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SECURE Act 2.0: What You Need to Know

In the final days of 2022, Congress passed a new set of retirement rules, known as SECURE Act 2.0, designed to make it easier to contribute to retirement plans and access those funds earmarked for retirement.

The new SECURE 2.0 law is a follow-up to the Setting Every Community Up for Retirement Enhancement (SECURE) Act, passed in 2019.

The sweeping legislation has dozens of significant provisions, so to help you see what changes may affect you, we’ve broken the major provisions of the new law into four sections.

New Retirement Plan Distribution Rules

RMD age will rise to 73 in 2023. By far, one of the most critical changes was increasing the age at which owners of retirement accounts must begin taking required minimum distributions (RMDs). And starting in 2033, RMDs may begin at age 75. If you have already turned 72, you must continue taking distributions. But if you are turning 72 this year and have already scheduled your withdrawal, it may be appropriate to revisit your approach.

Access to funds. Plan participants can use retirement funds in an emergency without penalty or fees. For example, starting in 2024, an employee can get up to $1,000 from a retirement account for personal or family emergencies. Other emergency provisions exist for terminal illnesses and survivors of domestic abuse.

Reduced penalty. Also, starting in 2023, if you miss an RMD for some reason, the penalty tax drops to 25% from 50%. If you fix the mistake promptly, the penalty may drop to 10%.

New Retirement Plan Accumulation Rules

Catch-Up Contributions. Starting January 1, 2025, investors aged 60 through 63 can make catch-up contributions of up to $10,000 annually to workplace retirement plans. The catch-up amount for people aged 50 and older in 2023 is $7,500. However, the law applies certain stipulations to individuals earning more than $145,000 annually.

Automatic Enrollment. Beginning in 2025, the Act requires employers to enroll employees into workplace retirement plans automatically. However, employees can choose to opt-out.

Student Loan Matching. In 2024, companies can match employee student loan payments with retirement contributions. The rule change offers workers an extra incentive to save for retirement while paying off student loans.

Revised Roth IRA Rules

529 to a Roth IRA. Starting in 2024, pending certain conditions, employers can roll a 529 education savings plan into a Roth IRA. So, if your child gets a scholarship, goes to a less expensive school, or doesn’t go to school, the money can get repositioned into a retirement account.

However, rollovers are subject to the annual Roth IRA contribution limit. Roth IRA distributions must meet a five-year holding requirement and occur after age 59½ to qualify for the tax-free and penalty-free withdrawal of earnings. Tax-free and penalty-free withdrawals are allowed under certain other circumstances, such as the owner’s death. The original Roth IRA owner is not required to take minimum annual withdrawals.

SIMPLE and SEP. From 2023 onward, employers can make Roth contributions to Savings Incentive Match Plans for Employees or Simplified Employee Pensions.

Roth 401(k)s and Roth 403(b)s. The new legislation aligns the rules for Roth 401(k)s and Roth 403(b)s with Roth Individual Retirement Account (IRA) rules. From 2024 on, the legislation no longer requires minimum distributions from Roth Accounts in employer retirement plans.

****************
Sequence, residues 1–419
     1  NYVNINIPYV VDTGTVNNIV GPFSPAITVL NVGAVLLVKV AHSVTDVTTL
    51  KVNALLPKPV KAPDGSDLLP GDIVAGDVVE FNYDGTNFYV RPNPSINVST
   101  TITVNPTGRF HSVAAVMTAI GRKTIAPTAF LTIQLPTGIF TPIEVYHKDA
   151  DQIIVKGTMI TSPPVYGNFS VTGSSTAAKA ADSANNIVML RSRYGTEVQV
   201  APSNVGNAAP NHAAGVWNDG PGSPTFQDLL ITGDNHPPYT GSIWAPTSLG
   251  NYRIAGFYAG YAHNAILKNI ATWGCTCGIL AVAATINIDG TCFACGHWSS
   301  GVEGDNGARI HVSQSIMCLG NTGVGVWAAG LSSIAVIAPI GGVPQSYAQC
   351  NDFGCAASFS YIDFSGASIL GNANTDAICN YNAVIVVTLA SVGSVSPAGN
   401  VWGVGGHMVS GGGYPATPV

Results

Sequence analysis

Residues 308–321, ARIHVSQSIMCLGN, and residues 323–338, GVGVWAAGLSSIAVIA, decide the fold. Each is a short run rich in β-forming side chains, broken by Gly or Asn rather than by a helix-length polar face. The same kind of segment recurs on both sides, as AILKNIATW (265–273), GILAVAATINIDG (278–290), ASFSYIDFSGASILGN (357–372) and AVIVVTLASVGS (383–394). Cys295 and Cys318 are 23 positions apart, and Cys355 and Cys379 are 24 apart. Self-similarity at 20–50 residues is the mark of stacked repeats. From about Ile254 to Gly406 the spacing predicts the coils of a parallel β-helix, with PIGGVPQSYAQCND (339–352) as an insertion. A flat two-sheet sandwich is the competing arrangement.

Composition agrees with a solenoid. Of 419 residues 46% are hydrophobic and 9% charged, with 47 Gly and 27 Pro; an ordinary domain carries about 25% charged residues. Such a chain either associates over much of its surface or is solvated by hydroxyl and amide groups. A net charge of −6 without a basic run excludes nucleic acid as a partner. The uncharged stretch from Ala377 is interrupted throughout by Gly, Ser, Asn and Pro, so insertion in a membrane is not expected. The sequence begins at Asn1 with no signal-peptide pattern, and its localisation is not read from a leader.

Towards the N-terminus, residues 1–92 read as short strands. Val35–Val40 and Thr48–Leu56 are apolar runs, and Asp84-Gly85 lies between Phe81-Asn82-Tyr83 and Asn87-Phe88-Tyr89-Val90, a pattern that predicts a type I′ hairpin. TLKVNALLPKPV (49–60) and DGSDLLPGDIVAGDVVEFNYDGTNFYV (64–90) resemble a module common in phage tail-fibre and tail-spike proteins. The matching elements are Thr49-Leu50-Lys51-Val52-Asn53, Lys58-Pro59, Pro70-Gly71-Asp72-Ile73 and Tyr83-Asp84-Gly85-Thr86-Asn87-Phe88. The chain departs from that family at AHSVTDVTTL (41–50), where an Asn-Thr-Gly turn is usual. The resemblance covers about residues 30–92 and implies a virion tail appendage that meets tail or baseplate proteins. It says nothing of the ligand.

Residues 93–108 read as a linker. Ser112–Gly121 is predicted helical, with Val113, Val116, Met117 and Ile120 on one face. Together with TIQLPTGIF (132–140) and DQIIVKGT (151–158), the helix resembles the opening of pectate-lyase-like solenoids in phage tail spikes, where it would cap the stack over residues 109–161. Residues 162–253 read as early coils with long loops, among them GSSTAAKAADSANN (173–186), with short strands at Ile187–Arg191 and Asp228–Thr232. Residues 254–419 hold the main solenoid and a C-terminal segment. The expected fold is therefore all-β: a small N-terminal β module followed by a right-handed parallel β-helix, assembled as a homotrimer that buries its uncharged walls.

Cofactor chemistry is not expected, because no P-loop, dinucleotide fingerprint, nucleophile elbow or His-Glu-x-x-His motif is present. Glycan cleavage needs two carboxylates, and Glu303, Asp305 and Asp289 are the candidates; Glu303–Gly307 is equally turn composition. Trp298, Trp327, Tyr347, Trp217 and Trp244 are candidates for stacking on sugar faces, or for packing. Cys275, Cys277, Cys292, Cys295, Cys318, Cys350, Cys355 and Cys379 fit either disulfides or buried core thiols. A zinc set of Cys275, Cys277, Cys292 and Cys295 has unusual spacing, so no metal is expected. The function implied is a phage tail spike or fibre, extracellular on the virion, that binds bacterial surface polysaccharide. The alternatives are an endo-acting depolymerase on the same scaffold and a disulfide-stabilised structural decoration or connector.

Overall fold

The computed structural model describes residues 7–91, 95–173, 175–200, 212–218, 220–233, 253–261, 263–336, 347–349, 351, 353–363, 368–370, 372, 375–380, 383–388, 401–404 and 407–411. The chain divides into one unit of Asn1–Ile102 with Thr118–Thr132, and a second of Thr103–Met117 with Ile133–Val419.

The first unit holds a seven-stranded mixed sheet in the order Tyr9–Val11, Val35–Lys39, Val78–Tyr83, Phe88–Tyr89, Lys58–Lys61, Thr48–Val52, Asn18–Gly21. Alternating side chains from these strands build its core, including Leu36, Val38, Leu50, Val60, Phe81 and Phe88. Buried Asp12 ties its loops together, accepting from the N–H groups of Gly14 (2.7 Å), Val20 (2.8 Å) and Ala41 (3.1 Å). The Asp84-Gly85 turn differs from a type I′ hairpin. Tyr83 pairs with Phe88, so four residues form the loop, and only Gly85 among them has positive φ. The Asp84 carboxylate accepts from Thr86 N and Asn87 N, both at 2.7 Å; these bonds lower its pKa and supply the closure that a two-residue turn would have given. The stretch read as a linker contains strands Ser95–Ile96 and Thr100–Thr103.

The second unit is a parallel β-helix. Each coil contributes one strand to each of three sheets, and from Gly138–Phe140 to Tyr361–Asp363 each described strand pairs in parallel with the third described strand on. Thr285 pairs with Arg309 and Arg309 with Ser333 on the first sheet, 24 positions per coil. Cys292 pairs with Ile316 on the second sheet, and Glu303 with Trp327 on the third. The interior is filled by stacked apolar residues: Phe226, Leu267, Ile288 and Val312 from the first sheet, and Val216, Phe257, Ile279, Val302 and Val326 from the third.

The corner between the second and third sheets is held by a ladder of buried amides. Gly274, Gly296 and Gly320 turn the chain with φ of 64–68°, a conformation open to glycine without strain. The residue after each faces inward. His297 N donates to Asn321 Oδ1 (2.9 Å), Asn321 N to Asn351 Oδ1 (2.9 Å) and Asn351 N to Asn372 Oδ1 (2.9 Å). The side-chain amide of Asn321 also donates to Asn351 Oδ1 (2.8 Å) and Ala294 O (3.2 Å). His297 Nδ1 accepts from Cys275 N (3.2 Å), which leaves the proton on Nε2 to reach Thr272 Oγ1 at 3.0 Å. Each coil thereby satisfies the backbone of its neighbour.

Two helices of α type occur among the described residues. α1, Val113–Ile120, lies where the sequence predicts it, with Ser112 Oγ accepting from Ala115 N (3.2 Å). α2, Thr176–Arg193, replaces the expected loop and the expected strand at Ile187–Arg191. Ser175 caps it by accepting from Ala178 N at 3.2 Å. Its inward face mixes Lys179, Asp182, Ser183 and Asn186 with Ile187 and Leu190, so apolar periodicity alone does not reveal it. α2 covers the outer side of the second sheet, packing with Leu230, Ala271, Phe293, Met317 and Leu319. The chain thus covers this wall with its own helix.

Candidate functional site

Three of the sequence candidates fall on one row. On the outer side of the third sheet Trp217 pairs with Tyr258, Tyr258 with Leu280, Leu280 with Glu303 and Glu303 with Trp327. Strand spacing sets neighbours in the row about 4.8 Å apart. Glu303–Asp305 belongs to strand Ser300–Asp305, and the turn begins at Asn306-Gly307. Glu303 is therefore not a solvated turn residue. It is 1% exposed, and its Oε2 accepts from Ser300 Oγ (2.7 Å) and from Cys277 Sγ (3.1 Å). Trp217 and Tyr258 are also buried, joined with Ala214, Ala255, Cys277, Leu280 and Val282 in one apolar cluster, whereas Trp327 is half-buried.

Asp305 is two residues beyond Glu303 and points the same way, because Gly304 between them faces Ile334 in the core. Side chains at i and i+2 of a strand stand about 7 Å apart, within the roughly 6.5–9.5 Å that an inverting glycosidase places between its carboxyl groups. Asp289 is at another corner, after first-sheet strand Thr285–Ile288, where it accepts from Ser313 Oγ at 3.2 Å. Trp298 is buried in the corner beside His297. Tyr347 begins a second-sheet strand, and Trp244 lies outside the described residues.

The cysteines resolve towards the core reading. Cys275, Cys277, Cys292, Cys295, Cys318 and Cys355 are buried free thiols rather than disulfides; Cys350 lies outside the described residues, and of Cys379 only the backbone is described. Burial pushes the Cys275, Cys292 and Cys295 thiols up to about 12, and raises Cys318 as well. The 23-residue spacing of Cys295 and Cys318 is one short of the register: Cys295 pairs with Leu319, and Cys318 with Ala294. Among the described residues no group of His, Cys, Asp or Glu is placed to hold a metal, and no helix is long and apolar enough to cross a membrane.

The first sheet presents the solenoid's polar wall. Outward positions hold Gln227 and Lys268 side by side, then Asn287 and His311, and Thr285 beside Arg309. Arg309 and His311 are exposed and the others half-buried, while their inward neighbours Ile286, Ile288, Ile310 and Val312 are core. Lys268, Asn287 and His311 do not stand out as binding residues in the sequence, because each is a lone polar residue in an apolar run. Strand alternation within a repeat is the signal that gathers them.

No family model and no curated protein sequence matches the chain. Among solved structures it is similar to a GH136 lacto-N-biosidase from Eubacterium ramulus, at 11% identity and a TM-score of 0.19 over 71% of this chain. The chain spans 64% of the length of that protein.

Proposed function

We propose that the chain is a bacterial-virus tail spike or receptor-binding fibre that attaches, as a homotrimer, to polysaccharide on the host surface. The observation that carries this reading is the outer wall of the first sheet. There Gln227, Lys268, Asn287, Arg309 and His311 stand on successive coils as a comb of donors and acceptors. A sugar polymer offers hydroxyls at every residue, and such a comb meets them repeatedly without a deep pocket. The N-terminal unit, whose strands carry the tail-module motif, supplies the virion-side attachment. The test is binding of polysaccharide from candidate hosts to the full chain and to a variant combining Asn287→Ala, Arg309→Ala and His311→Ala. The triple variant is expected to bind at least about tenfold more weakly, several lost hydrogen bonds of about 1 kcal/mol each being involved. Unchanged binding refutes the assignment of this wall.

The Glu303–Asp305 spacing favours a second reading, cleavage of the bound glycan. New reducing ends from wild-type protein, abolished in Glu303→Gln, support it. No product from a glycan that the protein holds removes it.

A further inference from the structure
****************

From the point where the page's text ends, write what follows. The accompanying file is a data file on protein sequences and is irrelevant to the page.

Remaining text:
More Highlights from SECURE Act 2.0

Support for Small Businesses. In 2023, the new law will increase the credit to help with the administrative costs of setting up a retirement plan. The credit increases to 100% from 50% for businesses with less than 50 employees. By boosting the credit, lawmakers hope to remove one of the most significant barriers for small businesses offering a workplace retirement plan.

Qualified Charitable Donations (QCD). From 2023 onward, QCD donations will adjust for inflation. The limit applies on an individual basis, so for a married couple, each person who is 70½ years old and older can make a QCD as long as it remains under the limit.

Remember that just because retirement rules have changed does not mean that adjusting your current strategy is appropriate. Each of your retirement assets plays a specific role in your overall financial strategy, so a change to one may require changing another.

Also, retirement rules can change without notice, and there is no guarantee that the treatment of specific rules will remain the same forever. Please don’t hesitate to contact your financial advisor should you want to discuss this in further detail.

*This article intends to give you a broad overview of SECURE 2.0. It’s not intended as a substitute for real-life financial advice. If changes are appropriate, we will outline a custom approach and work with your tax and legal professionals, if applicable.

 

Data Sources:

1. Fidelity.com, December 23, 2022

2. CNBC.com, December 22, 2022

3. Fidelity.com, December 22, 2022

4. Fidelity.com, December 22, 2022

5. Paychex.com, December 30, 2022

6. PlanSponsor.com, December 27, 2022

7. CNBC.com, December 23, 2022

8. Forbes.com, January 5, 2023

9. Forbes.com, January 5, 2023

10. Paychex.com, December 30, 2022

11. FidelityCharitable.org, December 29, 2022

 

Financial Synergies

Financial Synergies Wealth Advisors is a fee-only Financial Advisor and Wealth Management firm located in Houston, Texas. For more than thirty-five years we’ve been serving the financial needs of individuals, families, and businesses from around the world. Our primary goal is to Simplify Your Financial Life. Our Certified Financial Planner™ professionals and advisors combine holistic financial planning and investment management to deliver Total Wealth Management for our clients.

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